The Messiah was supposed to deliver Israel from all oppressors and lead them into a new golden age. A rabbi from Galilee was not what they had in mind.
“Messiah”, “Anointed One” and “Christ” are some of the most common names used by Christians (“Christ followers”). We understand that Jesus (the) Christ is the anointed Son of God, Creator, and Lord of the Universe who came to earth once to suffer, die and be raised again to save us from our sins. One day He will come again to establish His perfect kingdom in the Universe. We see Him as a suffering servant, and a conquering hero. Given the full text of the Bible and our knowledge of what Jesus actually did, this is entirely reasonable. But the picture of the Messiah was far different to Jews in the first century.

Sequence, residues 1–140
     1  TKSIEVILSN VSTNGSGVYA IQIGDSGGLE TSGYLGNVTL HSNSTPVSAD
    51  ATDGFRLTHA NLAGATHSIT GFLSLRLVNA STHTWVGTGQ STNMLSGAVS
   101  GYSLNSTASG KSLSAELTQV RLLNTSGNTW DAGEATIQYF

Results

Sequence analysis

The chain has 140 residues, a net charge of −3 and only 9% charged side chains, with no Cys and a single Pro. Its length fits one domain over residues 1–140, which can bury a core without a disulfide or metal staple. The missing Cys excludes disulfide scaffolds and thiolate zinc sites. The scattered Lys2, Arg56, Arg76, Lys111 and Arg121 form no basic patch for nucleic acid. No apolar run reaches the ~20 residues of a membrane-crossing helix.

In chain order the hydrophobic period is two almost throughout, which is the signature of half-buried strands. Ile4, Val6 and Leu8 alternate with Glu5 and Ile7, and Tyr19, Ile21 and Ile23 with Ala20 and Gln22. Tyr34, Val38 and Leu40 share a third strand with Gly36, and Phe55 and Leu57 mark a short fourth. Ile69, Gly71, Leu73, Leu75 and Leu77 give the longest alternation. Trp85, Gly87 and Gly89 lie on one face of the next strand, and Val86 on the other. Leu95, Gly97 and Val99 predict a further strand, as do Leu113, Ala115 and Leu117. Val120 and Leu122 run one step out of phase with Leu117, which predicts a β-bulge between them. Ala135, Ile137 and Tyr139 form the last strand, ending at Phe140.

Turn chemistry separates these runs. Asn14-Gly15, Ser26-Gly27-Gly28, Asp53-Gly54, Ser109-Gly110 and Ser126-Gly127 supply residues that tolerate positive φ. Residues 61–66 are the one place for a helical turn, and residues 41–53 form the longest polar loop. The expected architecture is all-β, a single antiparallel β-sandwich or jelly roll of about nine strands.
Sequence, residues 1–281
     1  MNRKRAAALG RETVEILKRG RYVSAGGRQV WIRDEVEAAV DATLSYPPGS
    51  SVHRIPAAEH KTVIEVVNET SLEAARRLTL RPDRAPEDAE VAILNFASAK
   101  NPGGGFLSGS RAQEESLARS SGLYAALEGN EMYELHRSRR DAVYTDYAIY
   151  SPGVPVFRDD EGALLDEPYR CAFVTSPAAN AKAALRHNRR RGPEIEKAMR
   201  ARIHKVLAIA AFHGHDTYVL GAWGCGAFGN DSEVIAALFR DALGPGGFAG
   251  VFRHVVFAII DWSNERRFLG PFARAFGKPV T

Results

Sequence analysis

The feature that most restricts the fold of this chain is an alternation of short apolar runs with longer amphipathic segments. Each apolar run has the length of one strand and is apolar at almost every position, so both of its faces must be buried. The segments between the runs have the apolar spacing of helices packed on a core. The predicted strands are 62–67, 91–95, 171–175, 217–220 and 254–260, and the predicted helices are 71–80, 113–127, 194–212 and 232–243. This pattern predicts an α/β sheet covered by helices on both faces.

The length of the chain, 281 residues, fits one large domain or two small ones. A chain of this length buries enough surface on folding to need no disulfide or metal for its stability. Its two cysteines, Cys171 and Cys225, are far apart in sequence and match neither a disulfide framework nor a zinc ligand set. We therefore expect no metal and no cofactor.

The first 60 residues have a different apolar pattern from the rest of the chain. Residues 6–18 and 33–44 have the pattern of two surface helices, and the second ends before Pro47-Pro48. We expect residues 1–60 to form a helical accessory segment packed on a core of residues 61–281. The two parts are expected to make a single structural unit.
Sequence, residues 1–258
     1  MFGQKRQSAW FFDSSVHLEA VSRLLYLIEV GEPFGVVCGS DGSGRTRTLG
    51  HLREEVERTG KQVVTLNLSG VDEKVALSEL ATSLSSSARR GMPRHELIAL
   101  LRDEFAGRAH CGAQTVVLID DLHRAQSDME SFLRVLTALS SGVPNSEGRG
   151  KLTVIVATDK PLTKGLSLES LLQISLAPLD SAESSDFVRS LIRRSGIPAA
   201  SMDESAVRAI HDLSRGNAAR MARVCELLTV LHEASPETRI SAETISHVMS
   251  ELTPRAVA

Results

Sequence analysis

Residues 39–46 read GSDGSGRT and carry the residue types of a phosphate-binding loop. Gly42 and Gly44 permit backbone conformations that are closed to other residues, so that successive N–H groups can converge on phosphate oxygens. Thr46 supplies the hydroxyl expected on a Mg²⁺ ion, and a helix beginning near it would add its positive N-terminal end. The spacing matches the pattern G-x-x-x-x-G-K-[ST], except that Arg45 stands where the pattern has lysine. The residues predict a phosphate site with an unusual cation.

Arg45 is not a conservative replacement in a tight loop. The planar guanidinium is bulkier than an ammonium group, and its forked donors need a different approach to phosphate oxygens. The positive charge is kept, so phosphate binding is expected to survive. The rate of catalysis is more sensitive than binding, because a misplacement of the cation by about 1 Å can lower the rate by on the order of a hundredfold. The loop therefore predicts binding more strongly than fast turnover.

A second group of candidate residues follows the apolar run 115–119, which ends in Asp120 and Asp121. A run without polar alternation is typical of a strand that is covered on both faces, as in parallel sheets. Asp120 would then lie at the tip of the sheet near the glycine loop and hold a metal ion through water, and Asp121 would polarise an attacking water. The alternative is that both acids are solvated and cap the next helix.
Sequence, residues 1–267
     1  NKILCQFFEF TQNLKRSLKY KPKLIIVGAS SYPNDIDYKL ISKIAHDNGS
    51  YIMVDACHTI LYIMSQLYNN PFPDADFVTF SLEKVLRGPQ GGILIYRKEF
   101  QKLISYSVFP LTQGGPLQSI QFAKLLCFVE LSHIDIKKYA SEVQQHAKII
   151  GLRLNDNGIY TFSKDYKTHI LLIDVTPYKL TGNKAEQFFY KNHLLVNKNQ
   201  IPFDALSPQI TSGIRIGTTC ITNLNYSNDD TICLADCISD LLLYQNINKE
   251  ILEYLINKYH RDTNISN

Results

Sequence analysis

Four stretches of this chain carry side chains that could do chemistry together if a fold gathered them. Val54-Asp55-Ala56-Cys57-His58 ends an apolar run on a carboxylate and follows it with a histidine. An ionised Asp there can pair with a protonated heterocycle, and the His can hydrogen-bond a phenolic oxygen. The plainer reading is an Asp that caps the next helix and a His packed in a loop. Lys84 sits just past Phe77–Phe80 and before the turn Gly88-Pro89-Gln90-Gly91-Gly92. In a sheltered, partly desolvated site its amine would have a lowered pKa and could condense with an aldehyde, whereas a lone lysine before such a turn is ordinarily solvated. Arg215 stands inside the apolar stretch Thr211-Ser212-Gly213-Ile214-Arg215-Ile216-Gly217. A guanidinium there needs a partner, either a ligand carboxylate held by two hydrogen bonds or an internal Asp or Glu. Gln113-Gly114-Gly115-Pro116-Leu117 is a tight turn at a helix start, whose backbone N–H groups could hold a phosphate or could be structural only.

Like America in 2011, Palestine in the first century AD was a diverse place, with Jews, Romans, Greeks, Persians, Arabs, Egyptians, Africans, and a host of others. Religions were aplenty, especially in Galilee, Samaria, and Perea, and political intrigue and violence was the norm. Many Jews longed for a return to the glorious days of King David, when Israel was the greatest power in the Near East. They also chafed under Roman domination, oppressive taxes, and the rule of an outsider, Herod. Spiritually, the Jews had been bereft of the prophetic voice of God for 400 years, and they hoped for another prophet to show the way.